I was invited to write an article about 10 ways technology will save our lives in the future for CNN.com and I was happy to do so. It was featured today on the main page of CNN. I hope you will find it useful. Here is the introduction:
The medical and healthcare sectors are in the midst of rapid change, and it can be difficult to see which new technologies will have a long-lasting impact.
Ideally, the future of healthcare will balance innovative medical technologies with the human touch. Here, I’ve outlined the trends most likely to change our lives, now or in the near future.
I’ve been massively writing about the potentials of Google Glass in healthcare and while I got an invitation, I couldn’t test it myself as I’m not a US citizen.
This prezi gives you a clear picture about what surgeons would expect from wearing Google Glass. But here are 3 other examples.
Remote virtual surgery via Google Glass and telepresence:
From Oculus Rift to Smart Glass: world-changing future products getting their start today:
RealView 3D Live Intraoperative Holography Using Philips Imaging (VIDEO): Imagine when you can do this with Google Glass!
Being a medical futurist means I work on bringing disruptive technologies to medicine & healthcare; assisting medical professionals and students in using these in an efficient and secure way; and educating e-patients about how to become equal partners with their caregivers.
Based on what we see in other industries, this is going to be an exploding series of changes and while redesigning healthcare takes a lot of time and efforts, the best we can do is to prepare all stakeholders for what is coming next. That was the reason behind creating The Guide to the Future of Medicine white paper which you can download for free.
Please use the Twitter hashtag #MedicalFuture for giving feedback.
In the white paper, there is an infographic featuring the main trends that shape the future of medicine visualized from 3 perspectives:
- Which stage of the delivery of healthcare and the practice of medicine is affected by that (Prevent & Prepare; Data Input & Diagnostics; Therapy & Follow-up; and Outcomes & Consequences);
- Whether it affects patients or healthcare professionals;
- The practicability of it (already available – green boxes; in progress – orange boxes; and still needs time – red boxes)
Click here to see the infographic in the original size.
I hope you will find the guide useful in your work or in preparing your company and colleagues for the future of medicine.
Video consultation with doctors is becoming a routine part of the care offered by the Stanford Hospital & Clinics. The technology behind it is not a real innovation, it was already introduced on the island of Hawaii in 2008, but it’s good to see such a prestigious hospital joining the world of telemedicine.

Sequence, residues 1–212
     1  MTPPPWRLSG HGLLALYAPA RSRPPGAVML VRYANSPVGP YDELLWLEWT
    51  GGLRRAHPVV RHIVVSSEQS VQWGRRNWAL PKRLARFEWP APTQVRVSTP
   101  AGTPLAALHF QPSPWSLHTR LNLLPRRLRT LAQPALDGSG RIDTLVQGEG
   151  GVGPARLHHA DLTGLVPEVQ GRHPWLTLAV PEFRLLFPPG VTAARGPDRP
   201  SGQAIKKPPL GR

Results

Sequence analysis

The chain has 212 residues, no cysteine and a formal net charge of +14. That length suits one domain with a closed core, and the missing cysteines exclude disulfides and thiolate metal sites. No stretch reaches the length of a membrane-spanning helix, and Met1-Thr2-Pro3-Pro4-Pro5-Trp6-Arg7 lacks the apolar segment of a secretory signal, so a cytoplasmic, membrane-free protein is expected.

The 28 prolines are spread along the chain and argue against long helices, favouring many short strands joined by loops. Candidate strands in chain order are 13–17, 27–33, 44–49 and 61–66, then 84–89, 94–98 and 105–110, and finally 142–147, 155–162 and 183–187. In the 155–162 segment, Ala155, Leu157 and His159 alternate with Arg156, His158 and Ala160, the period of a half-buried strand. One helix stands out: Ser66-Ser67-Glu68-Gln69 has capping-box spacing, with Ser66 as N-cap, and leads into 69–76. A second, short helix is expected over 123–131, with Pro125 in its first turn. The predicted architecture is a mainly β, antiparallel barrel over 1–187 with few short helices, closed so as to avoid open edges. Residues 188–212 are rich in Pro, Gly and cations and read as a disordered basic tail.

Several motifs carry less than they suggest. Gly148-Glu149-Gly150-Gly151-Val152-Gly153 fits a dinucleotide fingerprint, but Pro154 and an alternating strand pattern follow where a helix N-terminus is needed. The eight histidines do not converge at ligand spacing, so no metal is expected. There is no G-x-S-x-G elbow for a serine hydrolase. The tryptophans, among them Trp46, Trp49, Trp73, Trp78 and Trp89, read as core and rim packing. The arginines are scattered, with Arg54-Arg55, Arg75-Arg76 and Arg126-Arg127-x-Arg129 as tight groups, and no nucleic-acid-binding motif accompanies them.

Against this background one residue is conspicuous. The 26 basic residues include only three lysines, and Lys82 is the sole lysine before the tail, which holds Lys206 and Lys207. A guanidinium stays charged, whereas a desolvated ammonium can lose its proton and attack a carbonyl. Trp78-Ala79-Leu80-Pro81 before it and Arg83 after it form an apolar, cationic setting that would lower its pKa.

Patients can schedule video visits through the hospital website, in much the same way as they would schedule a traditional visit and provide information about their symptoms in advance of the visit through the scheduling application. At the appointed time, they meet with the doctor in a Web-based videoconference from a home or workplace computer equipped with a webcam.
Now that we know what elements and points are needed to design a much better healthcare system, what’s next?
A landmark report by the Royal College of Physicians in response to the NHS crisis has outlined 50 measures to modernise the service to cope with the demands of an ageing population, but critics question if there is the political will or money to make it a reality.
In a few more years, in rural areas it’s going to feel like a doctor is there with the patient while the doc is miles away although the iRobot will be in its place.
iRobot even retooled itself to build an emerging technologies group, announcing a partnership with InTouch Health to put its AVA telepresence technology to better use. Today the two companies are announcing the fruits of their labor — the Remote Presence Virtual + Independent Telemedicine Assistant, or RP-VITA. The project aims to combine the best of iRobot’s AVA telepresence units with InTouch health’s own bots, creating an easy to use system that allows physicians to care for patients remotely without stumbling over complicated technology.
Jay Parkinson, MD found a great picture showing that telemedicine was predicted in 1925.
Do you remember the video in which Arthur C. Clarke described how future doctors in Edinburgh could operate patients in New Zealand? Back in 1964? What about our own predictions for the future?
There are more and more premature children and their situation for their parents is dramatic. They would love to be with the newborn 24 hours a day, but in most cases they obviously cannot. At the Dutch UMC Ultrecht, they launched a project under the name Telebaby, in which cameras were installed at the incubators and parents can watch their child live 24 hours a day through even a mobile device.
Of course, the system is password protected, so only the affected parents can access the specific video channels. Isn’t it great? A very human, but not that expensive idea, a really Dutch approach.